Just south of the Peninsula, half a million Magellanic penguins come ashore at Punta Tombo each spring to reproduce. They're named after Magellan, the first white explorer to land in Patagonia in 1520. The animals still outnumber the humans 10 to one.
Small groups of Argentinean tourists step gingerly around the nesting birds who eye them with indifference.
I wanted my son Adam to see that places like this still exist.
Dozens of foot high birds in black tuxedos waddle up the beach calling for their mates. The birds are so thick, it's like New York city during rush hour, with every one dressed for the theater. It was this kind of scene that sent Charles Darwin into ecstasy when the Beagle sailed here in 1832 and got him thinking about natural selection.
It's survival of the fittest on the gravel highways of Patagonia, sometimes the only way across hundreds of miles of desert. My Argentinean friend, Flavio Quintana, gives us tips for staying alive.
Flavio's pickup truck is riddled with holes. Every time a car passes, he has to brace the windshield with his hand so glass doesn't wind up in our laps. Rental cars are 200 dollars a day and ill-suited to the terrain. We pass a mangled steel carcass left as a warning to bad drivers. If you're faint at heart, try the air-conditioned, double decker tour buses with tinted windows instead.
Most visitors stay in Puerto Madryn. You can rent a room with a kitchen for about 60 dollars a night. Ten miles down the coast is Punta Loma, a national preserve for sea lions and cormorants.
Perched on a cliff forty feet above the beach, a wooden platform gives us a perfect view of hundreds of sea lions mating, fighting, or nursing their pups. Black and red Cormorants nest right on the cliff face beneath us.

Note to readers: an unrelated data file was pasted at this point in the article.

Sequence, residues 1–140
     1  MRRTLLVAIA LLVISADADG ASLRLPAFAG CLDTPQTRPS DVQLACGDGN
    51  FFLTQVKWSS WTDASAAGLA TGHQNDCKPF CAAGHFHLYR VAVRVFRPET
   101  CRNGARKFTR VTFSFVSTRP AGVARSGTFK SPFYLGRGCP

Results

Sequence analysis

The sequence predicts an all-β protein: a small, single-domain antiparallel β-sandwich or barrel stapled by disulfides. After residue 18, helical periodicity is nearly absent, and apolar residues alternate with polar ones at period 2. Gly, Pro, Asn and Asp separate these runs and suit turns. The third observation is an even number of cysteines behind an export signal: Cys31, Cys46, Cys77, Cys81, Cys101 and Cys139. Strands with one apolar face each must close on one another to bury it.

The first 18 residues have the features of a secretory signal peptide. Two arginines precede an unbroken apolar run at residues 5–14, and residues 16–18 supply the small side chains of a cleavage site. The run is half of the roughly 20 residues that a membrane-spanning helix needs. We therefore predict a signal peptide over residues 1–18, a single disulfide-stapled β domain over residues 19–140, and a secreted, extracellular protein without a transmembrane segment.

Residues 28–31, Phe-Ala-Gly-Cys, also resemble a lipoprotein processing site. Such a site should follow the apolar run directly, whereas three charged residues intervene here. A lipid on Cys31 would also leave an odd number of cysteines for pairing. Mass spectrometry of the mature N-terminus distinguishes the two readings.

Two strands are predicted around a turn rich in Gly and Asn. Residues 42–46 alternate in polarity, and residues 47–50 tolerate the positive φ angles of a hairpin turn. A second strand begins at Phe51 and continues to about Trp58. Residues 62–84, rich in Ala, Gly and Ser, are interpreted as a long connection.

After the sea lions, we head to Golfo Nuevo on the Peninsula's southern flank. It's the hotspot for whale watching.
Our captain Diego steers the boat full speed into the Gulf and soon we are staring at the upended tail of one of the third largest creatures on earth. It looks like a black porcelain statue towering over the boat.
At first all we can see are some blurry white markings, then, like a picture slowly coming into focus, the whale's head surfaces.
Whale watching in Golfo Nuevo is an exercise in mutual admiration. As the whale and her calf inspect us from below, we lean over the side to stare into a huge intelligent eye. Whales have had advanced brains for 30 million years. We humans, on earth for only one thousandth that time, nearly wiped them out. They seem to have forgiven us, and it's a good thing, too. One swipe of that tail, and we would be history.
Although the population of tourists here has doubled in the past three years, Patagonia still remains as travel writer Paul Theroux described it. "The emptiest part of America." There is still wilderness here, and a sanctuary for wildlife unsurpassed in the more populous world to the north.
More Information: Considering a trip to Peninsula Valdes?
Info about accommodations, tours, etc., contact the City of Puerto Madryn Tourism Department:
Municipalidad de Puerto Madryn
Bilingual Whale Guides
Jorge Reinoso tel (0965) 21785- Trelew
Conservation Group/NGO wildlife conservation
9120 Puerto Madryn- Chubut, Argentina
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